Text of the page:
Originally Posted by mbarriault
This. Ask a Google lover why Android is better and they'll spit out a bunch of things about iPhone (very little about Android itself) that for the vast vast vast majority of users will never be an issue. Ask an iPhone user why they think their platform is better and there will be nothing specific, as it's the entire experience, the OS as a whole. Why a platform is good is almost entirely subjective, though certainly where a platform falters is objective. The cited "faults" with iPhone are always subjective, based on principles, or are specific to a single user's case (in which case it's fine that they don't use it). I find it shines a bright light on the "war", that those that are neutral or on the iOS side tend to be reasonable, while the "Phandroids" can only spew dribble.
I love both Android and iOS. Heck I'm most likely going to buy iP5 come October, but I'm gonna list some advantages that Android has over iOS, and a lot of these issues are from a personal standpoint. Note that most of the issues are software related. Please don't flame me. I'm just trying to play devil's advocate. One has to note that iP4 is over a year old, which is old as heck in the fast paced mobile industry.
- Android supports LED notification integration (rumors that iOS5 will support this, with possibly the iP5 to have its own LED light as well? crosses fingers and hopes)
- As of now, Android without a doubt has a superior notification system fully baked into the OS. This is by far Android's greatest strength. Curious as to how iOS5 will be received once the general public gets their hands on iOS5's notification implementation.
- *Some* Android phones support replaceable batteries, as well replacing it with an extended battery. This is a bonus.
- Replaceable SD card (for most Android phones)
- Scrollable widget support (awesome feature. I love the fact that I can see my twitter feeds on my homescreen without having to manually open an application for it)
- Google's native Navigation/Map application (I really hope Apple blows everyone out of the water when they come out with their own native nav application, but in my eyes, those 3rd party navigation apps on iOS are rahter mediocre, although I do want to try out CoPilot, which was just released on the AppStore)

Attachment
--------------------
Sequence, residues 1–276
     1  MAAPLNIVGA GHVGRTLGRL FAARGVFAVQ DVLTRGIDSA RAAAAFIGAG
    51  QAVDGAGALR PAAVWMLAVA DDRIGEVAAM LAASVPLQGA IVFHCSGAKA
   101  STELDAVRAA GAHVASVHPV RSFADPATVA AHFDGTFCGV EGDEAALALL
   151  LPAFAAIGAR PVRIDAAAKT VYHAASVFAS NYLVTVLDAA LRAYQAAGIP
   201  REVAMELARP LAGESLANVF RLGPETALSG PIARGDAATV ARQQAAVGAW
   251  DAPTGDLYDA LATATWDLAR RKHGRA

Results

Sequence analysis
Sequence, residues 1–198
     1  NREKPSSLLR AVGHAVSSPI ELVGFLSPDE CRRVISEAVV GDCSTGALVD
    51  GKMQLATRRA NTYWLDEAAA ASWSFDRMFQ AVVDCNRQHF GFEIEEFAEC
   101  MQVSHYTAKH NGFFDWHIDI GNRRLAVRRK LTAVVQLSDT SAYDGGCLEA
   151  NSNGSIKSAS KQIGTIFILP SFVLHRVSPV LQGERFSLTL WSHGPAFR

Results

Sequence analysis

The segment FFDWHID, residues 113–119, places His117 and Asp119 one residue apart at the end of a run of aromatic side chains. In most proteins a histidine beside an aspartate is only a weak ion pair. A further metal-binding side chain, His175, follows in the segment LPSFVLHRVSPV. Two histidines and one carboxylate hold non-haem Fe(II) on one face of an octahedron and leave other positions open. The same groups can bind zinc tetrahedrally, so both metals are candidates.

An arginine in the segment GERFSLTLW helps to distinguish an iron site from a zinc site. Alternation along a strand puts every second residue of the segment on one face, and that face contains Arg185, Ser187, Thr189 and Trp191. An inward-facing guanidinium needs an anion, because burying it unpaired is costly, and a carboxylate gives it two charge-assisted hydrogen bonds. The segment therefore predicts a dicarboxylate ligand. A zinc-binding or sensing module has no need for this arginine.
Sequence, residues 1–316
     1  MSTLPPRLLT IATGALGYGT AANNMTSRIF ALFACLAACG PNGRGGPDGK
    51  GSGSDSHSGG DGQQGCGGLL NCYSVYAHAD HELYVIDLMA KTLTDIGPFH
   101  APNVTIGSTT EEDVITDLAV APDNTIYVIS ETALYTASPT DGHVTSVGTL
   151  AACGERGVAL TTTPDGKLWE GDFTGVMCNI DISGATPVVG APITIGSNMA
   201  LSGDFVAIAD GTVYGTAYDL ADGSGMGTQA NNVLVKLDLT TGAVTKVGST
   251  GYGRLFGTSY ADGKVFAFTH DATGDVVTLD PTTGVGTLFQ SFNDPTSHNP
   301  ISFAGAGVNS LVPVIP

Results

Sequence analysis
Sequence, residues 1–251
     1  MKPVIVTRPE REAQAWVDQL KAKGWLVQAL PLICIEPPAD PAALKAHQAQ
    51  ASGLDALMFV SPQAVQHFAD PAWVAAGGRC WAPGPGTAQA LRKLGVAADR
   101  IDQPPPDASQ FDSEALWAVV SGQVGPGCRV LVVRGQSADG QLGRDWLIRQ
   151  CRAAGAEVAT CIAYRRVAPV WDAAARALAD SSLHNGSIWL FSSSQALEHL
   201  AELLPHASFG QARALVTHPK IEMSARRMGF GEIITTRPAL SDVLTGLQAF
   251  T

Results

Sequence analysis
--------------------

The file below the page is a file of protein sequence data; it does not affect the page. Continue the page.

- Ability to undervolt/underclock or overclock on Android phones (for most Android phones. A great feature that can be utilized by power users)
- Fully integrated voice search/actions throughout the OS
. This is my favorite feature, and I use it on a daily basis, and its accurate. I always say 'call so and so' or, 'set alarm for 8 am' or 'map of gas stations.' Voice dictation is extremely accurate as well.
- Two app stores coexisting on Android, Android Marketplace and Amazon App Store. I love the fact that Amazon App Store gives out premium apps for free everyday, such as Angry Birds, Cut the Rope, etc.
- Of course, theres tons of issues with Android as well. Face it Android enthusiasts, the iPhone series works a lot better out of the box than an Android phone. If one has to tinker with the phone day in and day out, thats a complete fail.
- Some apps are just much more mature on iOS than Android, without a doubt
- Potential for getting malware on an open source platform like Android is much higher than iOS.
- Fragmentation on Android platform. Its pretty bad. Fortunately Google is working on this issue, with a lot of handset manufacturers and carriers on board.
Theres plenty more pros and cons, but I'll stop here. I'm really looking forward to iPhone 5. The promise of a bigger screen, LED notification light, CMOS sensor from Sony, and notification integration on iOS5 is making the iPhone 5 much more appealing. Add to that the A5 chip sips power, the iPhone5 might be a winner for me. I don't see much coming from Android side, other than the existing SGS II. Maybe the HTC Vigor? But thats replacing the HTC Thunderbolt and HTC is just plain terrible when it comes to battery management on their phones. I dont know if its the SoC, or the radio kernel they're using, but its just terrible.
Originally Posted by anantksundaram
We also like people to back up their assertions here.
I am not suggesting you are wrong, but would you care to post links for HTC's and Samsung's segment data that speak to their profit from phones? And, while you're at it, hard data (not some consulting firm nonsense) on actual quantities of smartphones sold
Based on my earlier post, the Reuters article notes that Samsung's Telecom division revenue was 11.2 billion dollars
this Quarter compared to last year's revenue of 9.95 billion dollars. How much exactly the phones implicitly made, I do not know, as I do not have the figures. I do recall that Samsung would not release the number of smartphones sold this quarter due to a) ongoing lawsuit with Apple b) their numbers are lower than what investors expected.
As for HTC, I just did quick google search and found this graphic. Revenue was up Q2 to $4.3 billion. Not bad, HTC.
Without a doubt though, in terms of single products, iPhone is still king of handsets, especially with the large profit margins Apple gets with each phone.